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EARLY START WITH JOHN BERMAN AND ZORAIDA SAMBOLIN
Aired February 28, 2013 - 05:00 ET
THIS IS A RUSH TRANSCRIPT. THIS COPY MAY NOT BE IN ITS FINAL FORM AND MAY BE UPDATED.
ZORAIDA SAMBOLIN, CNN ANCHOR: And then Cardinal Angelo Sodano is scheduled to deliver a brief speech. He is the dean of the College of Cardinals.
And, finally, Pope Benedict XVI is expected to make a few finally spontaneous remarks before boarding a helicopter and leaving the Vatican. That is about six hours from now.
JOHN BERMAN, CNN ANCHOR:: The departure of this pope after what really has been a turbulent eight-year reign leaves the Catholic Church really in uncharted waters right now. Its 1.2 billion followers in search of something of a new direction.
CNN's chief international correspondent Christiane Amanpour is live in Rome this morning.
Good morning, Christiane.
CHRISTIANE AMANPOUR, CNN CHIEF INTERNATIONAL CORRESPONDENT: Good morning.
We are expecting any moment now Vatican television to start showing us those pictures of the last face-to-face meeting between Pope Benedict XVI on his last day on the throne of St. Peter and talking personally as you've been saying, to all of those cardinals who are in town at the moment. There's a big group who will be gathering and of that huge group there will be a certain number, 115, who will eventually convene in the conclave to elect the next pope.
I'm joined here by John Allen. As you can see, we're in a busy location. Behind us is St. Peter's. Here's the road that's leading up to it.
I can't help but notice for all the attention on this incredible moment of Pope Benedict's decision to resign, when we were back here in 2005, Rome was overflowing with about 5 million pilgrims as John Paul lay dying.
Give us a little sense of the difference of what's happening and the outpouring.
JOHN ALLEN, CNN SENIOR VATICAN ANALYST: Well, I mean, the obvious difference is this transition is following resignation rather than death. So, you don't have the same global outpouring of grief. What we have instead is a fairly contemplative moment --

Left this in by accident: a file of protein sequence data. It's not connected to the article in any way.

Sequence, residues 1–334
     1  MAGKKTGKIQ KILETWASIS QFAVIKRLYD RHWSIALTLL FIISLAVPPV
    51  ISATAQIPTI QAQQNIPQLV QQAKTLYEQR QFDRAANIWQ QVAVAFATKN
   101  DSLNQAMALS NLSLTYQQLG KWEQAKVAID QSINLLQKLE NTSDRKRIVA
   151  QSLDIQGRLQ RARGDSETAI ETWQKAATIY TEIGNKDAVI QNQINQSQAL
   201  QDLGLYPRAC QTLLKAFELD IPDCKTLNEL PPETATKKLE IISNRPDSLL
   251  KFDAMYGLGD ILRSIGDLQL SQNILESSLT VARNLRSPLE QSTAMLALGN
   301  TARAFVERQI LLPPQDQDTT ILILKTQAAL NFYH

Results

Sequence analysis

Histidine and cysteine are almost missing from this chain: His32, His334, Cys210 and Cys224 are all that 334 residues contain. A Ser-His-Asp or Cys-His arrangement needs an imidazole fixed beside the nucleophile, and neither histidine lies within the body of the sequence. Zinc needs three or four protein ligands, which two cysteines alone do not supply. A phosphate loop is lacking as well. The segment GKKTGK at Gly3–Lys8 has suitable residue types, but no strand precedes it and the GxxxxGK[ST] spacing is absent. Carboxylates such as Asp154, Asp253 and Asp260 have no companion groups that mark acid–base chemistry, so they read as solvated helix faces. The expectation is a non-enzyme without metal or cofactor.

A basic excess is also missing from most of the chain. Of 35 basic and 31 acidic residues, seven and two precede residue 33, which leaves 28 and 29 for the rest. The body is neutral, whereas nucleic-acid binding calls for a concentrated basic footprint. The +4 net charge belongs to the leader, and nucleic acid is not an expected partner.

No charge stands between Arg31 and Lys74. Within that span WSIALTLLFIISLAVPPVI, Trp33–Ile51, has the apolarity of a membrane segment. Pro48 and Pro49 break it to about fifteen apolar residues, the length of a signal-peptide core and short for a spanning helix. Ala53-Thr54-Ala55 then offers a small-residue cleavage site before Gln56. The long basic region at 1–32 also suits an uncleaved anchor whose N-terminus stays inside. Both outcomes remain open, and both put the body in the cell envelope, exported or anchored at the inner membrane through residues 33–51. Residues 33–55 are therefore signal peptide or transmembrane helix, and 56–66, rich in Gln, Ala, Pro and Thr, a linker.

AMANPOUR: We're seeing those live pictures, indeed.
ALLEN: By the way, Christiane, speaking of turbulence, this is taking place in the Vatican hall called Sala Clementina, named for Pope Clementine V, who was arrested and taken to the Crimean, executed, tossed into a river with an anchor around his neck so that his body would not bubble back up.
You want to talk turbulence?
AMANPOUR: And why?
ALLEN: Well, because the authorities of the day saw him as a hostile to their interests. They were hoping to replace him with somebody who would be a little bit more soft. My point is that whatever you think of the turbulence of the last eight years, you really ain't seen nothing compared to centuries past.
AMANPOUR: So, what are we going to see now? Here they all are, they're looking pretty jovial. At least that cardinal is having good laugh and good chat with his compadre.
ALLEN: Well, you've got to remember, you know, these are guys who have known one another for a very long time. Some of them went to seminary together. They met one another over the years, of various Vatican functions. Some of them belong to the same religious order.
So, this is in a sense a kind of gentleman's club. And before the more somber farewell begins, there's just a lot of networking and catching up going on.
AMANPOUR: And they all have a very personal tie to Benedict XVI, not just because they're his cardinals, but because he elevated the majority of those here now.
ALLEN: Well, I mean, first of all, he started out as a member of this club. Remember, he was made a cardinal in 1978, which means for almost 25 years or so, Benedict XVI was one of them. He would have been sitting in this room with them on any number of those occasions.